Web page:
Taduno’s Song


The morning the letter arrived he was like a man in a shell, deaf to the voices in his head from a distant place, calling him, imploring him with old promises.

-Odafe Atogun, Taduno’s Song: A Novel

The White City


It was the end of winter. Under the sky that had always been there, now dark, the house still looked almost new. It had a sort of shine to it and was surrounded by nothing but silence and snow.

-Karolina Ramquist, The White City: A Novel

The One-Eyed Man


That morning, in an effort to restore some normalcy to my weekend, I left the house and strolled to the coffee shop for a Grande Americano, just like a regular, irrational person.

-Ron Currie, The One-Eyed Man: A Novel

Heritage of Smoke


Davor had been wheezing for days, and he gasped in his sleep and talked about Armageddon, global warming, and the vanished Boeing 777. Even awake, he talked about the 777 as the ascension airplane–all the people onboard went straight to heaven, and the rest remained on the ground, awaiting the wrath of God.

-Josip Novakovich, “When the Saints Come,” in Heritage of Smoke: Stories

Alfred Hitchcock


The preparation of the set for Rear Window began on 12 October [1953] on stage eighteen of the Paramount lot. It represented the back of a residential block in Greenwich Village with thirty-one separate apartments, eight of them with fully furnished rooms. It also had to include fire escapes and roof gardens, together with an alley leading to a street that can be fitfully glimpsed as a relic of the outside world. The huge and complex set took a month to construct, by the coordinated efforts of fifty men, and rose forty feet into the air at a length of 185 feet. One hundred arc lights and 2,000 smaller lamps were installed….It was the biggest project on the Paramount lot since the heroic days of Cecil B. DeMille, and it shared the same theatricality. It was not real. It was bigger than reality.

-Peter Ackroyd, Alfred Hitchcock: A Brief Life

We Are Data


We are “well filled with data” in today’s networked society. If you don’t believe me, open your computer and roam the web for five minutes. In a period of time only slightly longer than the average television commercial break, you will have generated, through your web activity, an identity that is likely separate from the person who you thought you were. In a database far, far away, you have been assigned a gender, ethnicity, class, age, education level, and potentially the status of parent with x number of children.

-John Cheney-Lippold, We Are Data: Algorithms and the Making of Our Digital Selves

The Lioness is the Hunter


The receptionist parted her cranberry-colored hair in the middle and showed a gap between her front teeth when she smiled. I’m a sucker for little imperfections like that. I wanted to feed nickels into that slot all day, just to watch her lights blink on. Instead I gave her a card.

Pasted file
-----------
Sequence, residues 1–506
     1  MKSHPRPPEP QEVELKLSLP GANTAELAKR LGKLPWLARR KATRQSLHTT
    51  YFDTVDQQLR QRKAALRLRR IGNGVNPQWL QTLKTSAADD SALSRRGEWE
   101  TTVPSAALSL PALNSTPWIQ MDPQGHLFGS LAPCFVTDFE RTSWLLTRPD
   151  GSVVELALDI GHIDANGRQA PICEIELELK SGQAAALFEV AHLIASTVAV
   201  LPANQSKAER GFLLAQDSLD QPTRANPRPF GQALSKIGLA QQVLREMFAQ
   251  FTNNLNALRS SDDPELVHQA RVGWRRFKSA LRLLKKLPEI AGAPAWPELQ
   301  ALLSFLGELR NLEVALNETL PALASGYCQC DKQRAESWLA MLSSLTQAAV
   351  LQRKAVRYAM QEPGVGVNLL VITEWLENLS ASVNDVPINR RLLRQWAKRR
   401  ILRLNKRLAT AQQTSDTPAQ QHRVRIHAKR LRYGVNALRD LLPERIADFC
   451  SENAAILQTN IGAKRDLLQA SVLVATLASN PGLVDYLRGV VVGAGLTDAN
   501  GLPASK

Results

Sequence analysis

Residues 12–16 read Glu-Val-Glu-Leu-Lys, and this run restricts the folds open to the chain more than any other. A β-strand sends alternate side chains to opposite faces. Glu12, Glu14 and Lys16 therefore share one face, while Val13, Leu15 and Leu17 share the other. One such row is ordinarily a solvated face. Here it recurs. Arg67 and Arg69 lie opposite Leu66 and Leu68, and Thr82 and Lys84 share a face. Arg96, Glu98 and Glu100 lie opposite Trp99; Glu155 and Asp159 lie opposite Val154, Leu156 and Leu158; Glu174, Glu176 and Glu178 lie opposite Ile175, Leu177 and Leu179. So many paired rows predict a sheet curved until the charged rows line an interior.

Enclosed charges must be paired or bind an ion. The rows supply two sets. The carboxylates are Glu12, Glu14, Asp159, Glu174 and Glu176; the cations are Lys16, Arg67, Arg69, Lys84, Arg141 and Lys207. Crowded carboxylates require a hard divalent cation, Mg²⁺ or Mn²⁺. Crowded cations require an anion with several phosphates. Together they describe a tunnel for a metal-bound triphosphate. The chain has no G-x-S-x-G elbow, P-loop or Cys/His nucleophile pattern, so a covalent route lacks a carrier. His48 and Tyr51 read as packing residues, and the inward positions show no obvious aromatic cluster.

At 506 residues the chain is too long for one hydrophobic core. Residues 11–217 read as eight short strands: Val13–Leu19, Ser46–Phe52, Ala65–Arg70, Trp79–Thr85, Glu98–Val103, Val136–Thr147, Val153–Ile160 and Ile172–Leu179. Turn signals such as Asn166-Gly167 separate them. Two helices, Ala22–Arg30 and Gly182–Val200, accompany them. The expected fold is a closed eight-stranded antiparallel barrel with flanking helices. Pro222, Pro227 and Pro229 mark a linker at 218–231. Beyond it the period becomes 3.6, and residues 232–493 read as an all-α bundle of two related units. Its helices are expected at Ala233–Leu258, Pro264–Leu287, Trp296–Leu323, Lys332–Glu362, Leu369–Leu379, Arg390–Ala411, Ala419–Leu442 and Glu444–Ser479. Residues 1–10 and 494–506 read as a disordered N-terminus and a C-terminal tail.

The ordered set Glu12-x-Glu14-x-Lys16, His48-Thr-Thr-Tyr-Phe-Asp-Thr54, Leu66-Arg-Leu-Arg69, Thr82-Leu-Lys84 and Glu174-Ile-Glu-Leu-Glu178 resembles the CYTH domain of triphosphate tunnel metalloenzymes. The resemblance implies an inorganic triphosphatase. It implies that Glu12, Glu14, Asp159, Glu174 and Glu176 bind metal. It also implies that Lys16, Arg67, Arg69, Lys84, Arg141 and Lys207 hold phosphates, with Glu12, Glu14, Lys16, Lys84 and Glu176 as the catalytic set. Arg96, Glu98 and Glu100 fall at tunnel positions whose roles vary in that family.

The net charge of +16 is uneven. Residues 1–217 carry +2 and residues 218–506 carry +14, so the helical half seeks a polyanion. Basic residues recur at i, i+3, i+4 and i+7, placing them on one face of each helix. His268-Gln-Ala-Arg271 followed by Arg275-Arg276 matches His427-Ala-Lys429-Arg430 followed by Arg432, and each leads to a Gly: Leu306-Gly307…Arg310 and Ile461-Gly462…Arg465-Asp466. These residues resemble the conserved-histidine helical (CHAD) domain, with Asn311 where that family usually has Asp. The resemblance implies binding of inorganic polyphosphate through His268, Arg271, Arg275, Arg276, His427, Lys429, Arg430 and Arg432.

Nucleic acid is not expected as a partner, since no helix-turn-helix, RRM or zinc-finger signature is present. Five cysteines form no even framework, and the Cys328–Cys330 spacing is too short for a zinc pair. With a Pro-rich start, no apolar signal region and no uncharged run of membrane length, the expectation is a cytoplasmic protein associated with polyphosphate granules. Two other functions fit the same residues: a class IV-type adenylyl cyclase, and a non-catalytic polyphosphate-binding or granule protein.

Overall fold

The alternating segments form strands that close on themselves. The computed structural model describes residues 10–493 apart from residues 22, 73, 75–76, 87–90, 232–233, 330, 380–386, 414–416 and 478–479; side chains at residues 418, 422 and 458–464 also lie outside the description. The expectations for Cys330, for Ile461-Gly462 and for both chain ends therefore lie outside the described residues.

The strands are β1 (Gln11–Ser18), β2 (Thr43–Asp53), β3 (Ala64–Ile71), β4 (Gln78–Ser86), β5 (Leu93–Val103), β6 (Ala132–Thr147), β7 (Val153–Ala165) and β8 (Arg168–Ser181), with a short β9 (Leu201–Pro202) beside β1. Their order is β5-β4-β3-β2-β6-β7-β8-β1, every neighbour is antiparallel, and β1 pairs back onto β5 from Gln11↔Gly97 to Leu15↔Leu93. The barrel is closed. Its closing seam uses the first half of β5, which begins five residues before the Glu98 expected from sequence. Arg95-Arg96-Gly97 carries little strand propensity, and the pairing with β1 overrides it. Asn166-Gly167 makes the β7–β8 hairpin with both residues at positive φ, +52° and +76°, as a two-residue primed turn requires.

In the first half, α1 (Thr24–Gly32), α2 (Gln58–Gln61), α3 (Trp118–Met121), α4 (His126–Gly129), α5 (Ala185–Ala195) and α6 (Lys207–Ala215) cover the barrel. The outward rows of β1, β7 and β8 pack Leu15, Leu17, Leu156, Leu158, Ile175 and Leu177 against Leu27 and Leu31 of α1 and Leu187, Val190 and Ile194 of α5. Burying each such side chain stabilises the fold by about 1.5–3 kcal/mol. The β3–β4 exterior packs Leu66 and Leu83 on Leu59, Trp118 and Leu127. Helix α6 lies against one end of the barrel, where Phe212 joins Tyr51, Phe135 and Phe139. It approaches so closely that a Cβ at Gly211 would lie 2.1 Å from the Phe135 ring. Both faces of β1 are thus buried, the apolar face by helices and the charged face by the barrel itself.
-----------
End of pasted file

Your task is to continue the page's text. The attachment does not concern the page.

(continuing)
-Loren D. Estleman, The Lioness is the Hunter: An Amos Walker Mystery

New York 2140 & More


[Kim Stanley Robinson's] New York 2140 is a towering novel about a genuinely grave threat to civilisation. Impressively ambitious, it bears comparison with other visionaries’ attempts to squeeze the sprawl and energy of the US between two covers: John Dos Passos’s USA trilogy and Don DeLillo’s Underworld.”

What we want from hermits—why we’re endlessly fascinated by them, and why we’re just as often frustrated by them.” Here’s a review of The Stranger in the Woods.

“El Akkad’s debut novel transports us to a terrifyingly plausible future in which the clash between red states and blue has become deadly and the president has been murdered over a contentious fossil fuels bill.” Here’s a review of American War.

Says Joe Ide (IQ): “I think entertaining novels can deal with serious issues as part of the story. John Sanford’s latest, Escape Clause, happens in the illicit world of trading endangered species. Tana French’s main character in The Trespasser, a woman detective, deals with discrimination by her male colleagues. And there are other ways an entertaining novel can contribute to the common good. Violence can be portrayed but not glorified. Vicious characters don’t have to be cool. Kindness and ethical behavior can be virtues instead of vulnerabilities. Intelligence can triumph over guns. Cruelty, misogyny, drug use, violence, sociopathic tendencies don’t have to be celebrated.”

Locked In


The statistics are as simple as they are shocking: The United States is home to 5 percent of the world’s population but 25 percent of its prisoners. We have more total prisoners than any other country in the world, and we have the world’s highest incarceration rate, one that is four to eight times higher than those in other liberal democracies, including Canada, England, and Germany.

-John Pfaff, Locked In: The True Causes of Mass Incarceration—and How to Achieve Real Reform



Don’t trust anyone who promises you a new life. Pick-up artists, lifestyle gurus, pyramid-scheme face cream evangelists, Weight Watchers coaches: These people make their living off your failures.

-Lindy West, Shrill: Notes from a Loud Woman